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Journal of immunology (Baltimore, Md. : 1950)

Human CD1a deficiency is common and genetically regulated.


PMID 23858036

Abstract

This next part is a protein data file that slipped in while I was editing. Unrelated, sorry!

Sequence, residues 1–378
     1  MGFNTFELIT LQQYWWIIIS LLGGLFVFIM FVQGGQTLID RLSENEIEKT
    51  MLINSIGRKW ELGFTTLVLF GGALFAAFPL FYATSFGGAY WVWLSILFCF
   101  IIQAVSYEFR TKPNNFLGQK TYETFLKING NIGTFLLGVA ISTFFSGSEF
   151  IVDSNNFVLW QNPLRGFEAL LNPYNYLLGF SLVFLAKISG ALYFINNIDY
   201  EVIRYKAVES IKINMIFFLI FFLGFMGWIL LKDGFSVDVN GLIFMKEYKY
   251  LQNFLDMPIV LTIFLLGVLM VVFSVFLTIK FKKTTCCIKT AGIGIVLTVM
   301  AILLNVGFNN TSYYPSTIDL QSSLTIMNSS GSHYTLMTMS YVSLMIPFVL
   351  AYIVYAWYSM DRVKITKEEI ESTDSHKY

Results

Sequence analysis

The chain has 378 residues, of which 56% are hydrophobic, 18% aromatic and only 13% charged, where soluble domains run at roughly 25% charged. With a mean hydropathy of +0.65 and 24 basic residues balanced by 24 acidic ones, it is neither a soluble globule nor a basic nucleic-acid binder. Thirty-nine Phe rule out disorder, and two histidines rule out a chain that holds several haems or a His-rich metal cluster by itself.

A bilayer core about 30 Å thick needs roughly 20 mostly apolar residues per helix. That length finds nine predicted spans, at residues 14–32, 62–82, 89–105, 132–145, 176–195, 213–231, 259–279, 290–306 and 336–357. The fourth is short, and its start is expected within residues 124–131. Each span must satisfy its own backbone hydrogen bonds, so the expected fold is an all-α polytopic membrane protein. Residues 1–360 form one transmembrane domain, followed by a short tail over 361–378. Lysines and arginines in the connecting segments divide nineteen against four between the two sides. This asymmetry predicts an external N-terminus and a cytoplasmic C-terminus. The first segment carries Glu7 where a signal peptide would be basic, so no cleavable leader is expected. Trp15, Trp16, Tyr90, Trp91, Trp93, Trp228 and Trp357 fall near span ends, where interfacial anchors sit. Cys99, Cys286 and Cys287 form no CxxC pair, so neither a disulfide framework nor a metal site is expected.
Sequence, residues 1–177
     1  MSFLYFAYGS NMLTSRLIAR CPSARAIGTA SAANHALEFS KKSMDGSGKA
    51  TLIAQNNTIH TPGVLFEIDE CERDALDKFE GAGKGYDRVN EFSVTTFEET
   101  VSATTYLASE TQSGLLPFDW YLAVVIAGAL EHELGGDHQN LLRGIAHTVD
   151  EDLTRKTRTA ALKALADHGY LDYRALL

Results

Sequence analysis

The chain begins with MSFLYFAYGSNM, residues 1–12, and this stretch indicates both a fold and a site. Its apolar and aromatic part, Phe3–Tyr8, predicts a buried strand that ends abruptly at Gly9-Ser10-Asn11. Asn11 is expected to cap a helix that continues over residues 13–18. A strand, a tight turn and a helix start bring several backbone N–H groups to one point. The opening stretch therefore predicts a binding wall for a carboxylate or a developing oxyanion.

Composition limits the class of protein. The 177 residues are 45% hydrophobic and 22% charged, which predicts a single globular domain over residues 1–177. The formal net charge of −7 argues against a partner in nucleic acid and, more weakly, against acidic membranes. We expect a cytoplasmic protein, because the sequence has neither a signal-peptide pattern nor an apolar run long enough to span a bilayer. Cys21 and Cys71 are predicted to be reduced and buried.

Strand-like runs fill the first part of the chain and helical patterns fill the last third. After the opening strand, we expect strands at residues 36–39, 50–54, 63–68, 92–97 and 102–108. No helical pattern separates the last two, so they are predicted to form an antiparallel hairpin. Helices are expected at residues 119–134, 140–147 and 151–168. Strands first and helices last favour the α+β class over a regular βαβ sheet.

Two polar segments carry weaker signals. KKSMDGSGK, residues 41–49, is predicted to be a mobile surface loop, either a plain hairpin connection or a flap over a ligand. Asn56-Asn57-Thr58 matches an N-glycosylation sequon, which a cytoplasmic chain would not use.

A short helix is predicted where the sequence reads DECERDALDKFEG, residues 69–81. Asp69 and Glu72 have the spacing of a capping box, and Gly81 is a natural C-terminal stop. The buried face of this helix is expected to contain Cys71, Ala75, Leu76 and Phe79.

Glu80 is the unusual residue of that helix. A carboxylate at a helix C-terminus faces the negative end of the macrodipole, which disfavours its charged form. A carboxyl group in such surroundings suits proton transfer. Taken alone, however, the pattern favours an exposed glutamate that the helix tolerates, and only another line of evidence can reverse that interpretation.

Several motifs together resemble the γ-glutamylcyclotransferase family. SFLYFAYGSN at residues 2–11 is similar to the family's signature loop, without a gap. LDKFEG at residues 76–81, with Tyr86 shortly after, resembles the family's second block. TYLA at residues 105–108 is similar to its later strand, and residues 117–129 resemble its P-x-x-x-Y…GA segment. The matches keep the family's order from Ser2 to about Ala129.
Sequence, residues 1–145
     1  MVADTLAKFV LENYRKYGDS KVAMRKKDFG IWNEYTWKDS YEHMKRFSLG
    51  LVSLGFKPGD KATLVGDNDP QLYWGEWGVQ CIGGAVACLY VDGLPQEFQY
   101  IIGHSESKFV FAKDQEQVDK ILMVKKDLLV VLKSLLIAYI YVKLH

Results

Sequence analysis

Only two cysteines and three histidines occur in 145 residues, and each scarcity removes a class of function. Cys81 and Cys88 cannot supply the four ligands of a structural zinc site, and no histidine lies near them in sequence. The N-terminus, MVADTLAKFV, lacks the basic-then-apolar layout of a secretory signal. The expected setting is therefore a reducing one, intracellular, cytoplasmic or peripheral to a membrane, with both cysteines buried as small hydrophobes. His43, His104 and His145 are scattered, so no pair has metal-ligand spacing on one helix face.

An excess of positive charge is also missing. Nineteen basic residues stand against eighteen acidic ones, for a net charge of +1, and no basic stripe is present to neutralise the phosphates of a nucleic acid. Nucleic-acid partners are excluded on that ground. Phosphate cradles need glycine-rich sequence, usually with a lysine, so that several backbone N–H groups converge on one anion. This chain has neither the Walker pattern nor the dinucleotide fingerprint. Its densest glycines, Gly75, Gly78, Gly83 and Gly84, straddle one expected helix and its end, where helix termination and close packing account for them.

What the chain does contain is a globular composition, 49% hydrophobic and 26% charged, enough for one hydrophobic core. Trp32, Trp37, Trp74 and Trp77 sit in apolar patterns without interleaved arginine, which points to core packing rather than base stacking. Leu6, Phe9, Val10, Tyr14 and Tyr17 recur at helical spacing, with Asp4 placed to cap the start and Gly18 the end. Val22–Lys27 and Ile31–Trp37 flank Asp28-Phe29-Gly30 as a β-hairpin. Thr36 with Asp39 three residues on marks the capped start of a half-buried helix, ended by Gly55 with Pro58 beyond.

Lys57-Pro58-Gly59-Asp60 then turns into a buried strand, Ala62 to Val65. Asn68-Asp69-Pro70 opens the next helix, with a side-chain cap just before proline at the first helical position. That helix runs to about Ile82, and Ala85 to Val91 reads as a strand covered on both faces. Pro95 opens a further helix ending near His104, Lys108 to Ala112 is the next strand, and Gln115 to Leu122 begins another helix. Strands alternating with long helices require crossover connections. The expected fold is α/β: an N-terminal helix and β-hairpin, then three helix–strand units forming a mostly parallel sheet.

CD1 proteins evolved to present diverse lipid Ags to T cells. In comparison with MHC proteins, CD1 proteins exhibit minimal allelic diversity as a result of nonsynonymous single nucleotide polymorphisms (SNPs). However, it is unknown if common SNPs in gene regulatory regions affect CD1 expression and function. We report surprising diversity in patterns of inducible CD1a expression on human dendritic cells (DCs), spanning the full range from undetectable to high density, a finding not seen with other CD1 isoforms. CD1a-deficient DCs failed to present mycobacterial lipopeptide to T cells but had no defects in endocytosis, cytokine secretion, or expression of costimulatory molecules after LPS treatment. We identified an SNP in the 5' untranslated region (rs366316) that was common and strongly associated with low CD1a surface expression and mRNA levels (p = 0.03 and p = 0.001, respectively). Using a CD1a promoter-luciferase system in combination with mutagenesis studies, we found that the polymorphic allele reduced luciferase expression by 44% compared with the wild-type variant (p < 0.001). Genetic regulation of lipid Ag presentation by varying expression on human DCs provides a mechanism for achieving population level differences in immune responses despite limited structural variation in CD1a proteins.